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Some startups are useful, some are beautiful, and some are pointless – I’m looking at you, Yo!
Then, there are some design ideas that have the potential to radically change our futures. These are creations that 15 years ago you wouldn’t have dreamed possible.
At the Victoria & Albert Museum this week as part of the Global Design Forum, five entrepreneurs took to the stage and pitched their startups, which they believe to have a far-reaching impact on our world and way of life in years to come.
Peek took home top prize from the competition with its app to improve optical healthcare in low-income countries.
It comes with a clip-on piece of hardware and effectively means that non-healthcare experts can perform eye-health checks for people who might not otherwise have access to them.
The app is portable, obviously, and stores patients’ data so the follow-up examinations can be run as smoothly as possible.
For all those looking for an alternative to water bottles, Ohoo! is the answer.
To rid us of the plight of plastic packaging, the startup has designed an edible membrane of algae that helps water replicate water’s droplet form on a bigger scale.
Ohoo! believe that if adopted widely, the new gelatinous container could make the unsustainable plastic water bottle obsolete.
We all pound the pavement. Walking to work, walking to the shop, walking to the pub. Now, Pavegen want to turn those steps into energy.
The startup’s technology turns every step into renewable energy, all of which can be used to power applications such as pedestrian lighting, way-finding solutions and advertising signage.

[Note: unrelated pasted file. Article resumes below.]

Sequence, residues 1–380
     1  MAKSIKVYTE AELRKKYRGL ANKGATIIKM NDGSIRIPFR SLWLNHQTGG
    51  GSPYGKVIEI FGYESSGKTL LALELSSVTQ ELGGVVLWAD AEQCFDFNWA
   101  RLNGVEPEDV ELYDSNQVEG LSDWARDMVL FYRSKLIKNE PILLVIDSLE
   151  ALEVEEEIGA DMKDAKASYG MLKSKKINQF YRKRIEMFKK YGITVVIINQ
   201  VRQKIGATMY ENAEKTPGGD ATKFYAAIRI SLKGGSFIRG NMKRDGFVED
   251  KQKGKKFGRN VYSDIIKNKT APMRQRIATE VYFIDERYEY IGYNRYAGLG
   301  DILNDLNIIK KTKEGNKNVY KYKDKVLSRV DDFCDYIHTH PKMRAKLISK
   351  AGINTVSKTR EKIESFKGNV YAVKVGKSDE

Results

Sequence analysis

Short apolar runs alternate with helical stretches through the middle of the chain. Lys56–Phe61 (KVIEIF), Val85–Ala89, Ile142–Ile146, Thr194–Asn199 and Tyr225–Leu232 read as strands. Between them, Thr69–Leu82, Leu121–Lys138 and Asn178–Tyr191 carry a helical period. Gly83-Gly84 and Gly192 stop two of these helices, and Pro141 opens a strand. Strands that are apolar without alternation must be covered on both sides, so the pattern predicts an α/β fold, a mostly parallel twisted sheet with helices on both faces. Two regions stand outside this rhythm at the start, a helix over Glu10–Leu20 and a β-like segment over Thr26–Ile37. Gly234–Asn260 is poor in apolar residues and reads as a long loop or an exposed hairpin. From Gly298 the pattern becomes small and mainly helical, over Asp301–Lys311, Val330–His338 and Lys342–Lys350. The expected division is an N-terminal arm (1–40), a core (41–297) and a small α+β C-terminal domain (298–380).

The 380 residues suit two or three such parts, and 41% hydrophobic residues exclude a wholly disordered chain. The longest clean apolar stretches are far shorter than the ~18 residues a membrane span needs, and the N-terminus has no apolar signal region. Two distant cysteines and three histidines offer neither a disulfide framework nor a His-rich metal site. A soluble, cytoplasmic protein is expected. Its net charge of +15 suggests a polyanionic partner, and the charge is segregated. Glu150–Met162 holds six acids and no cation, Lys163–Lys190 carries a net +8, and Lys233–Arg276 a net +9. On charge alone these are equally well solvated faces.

The tiles are wifi enabled which means the energy collected can all be tracked. Cities can also track where the highest level of footfall is, i.e. where people are walking most.
Bees haven’t been doing so well recently. Pesticides, climate change, and pollution (among others) are causing colony collapse disorder, a phenomenon where bee hives simply disappear.
Plan Bee have developed a self-monitoring bee hive that helps track the bees’ behaviour. There is an increasing number of hobby bee-keepers, but everyone leads busy lives and don’t always have time to properly check the hives.
The Plan Bee hive uses a scanner to capture images of the brood daily and digitally analyse them for any unusual patterns.
If symptoms of sickness are detected the beekeeper is then alerted so they can react accordingly, hopefully stopping the demise of an ever-important hive.
VIBE is a computer interface that transfers information to a digital output through vibration, replacing a normal electrical circuit board. It eliminates the need for critical raw materials that are normally used in the production.
It is developed from a single sheet of aluminium and has much of the same functionality that a normal keyboard does.
The best bit? The design means its almost 100% recyclable. Never again will old keyboards collect dust in the corner.
This story originally appeared on Tech City News. Copyright 2014
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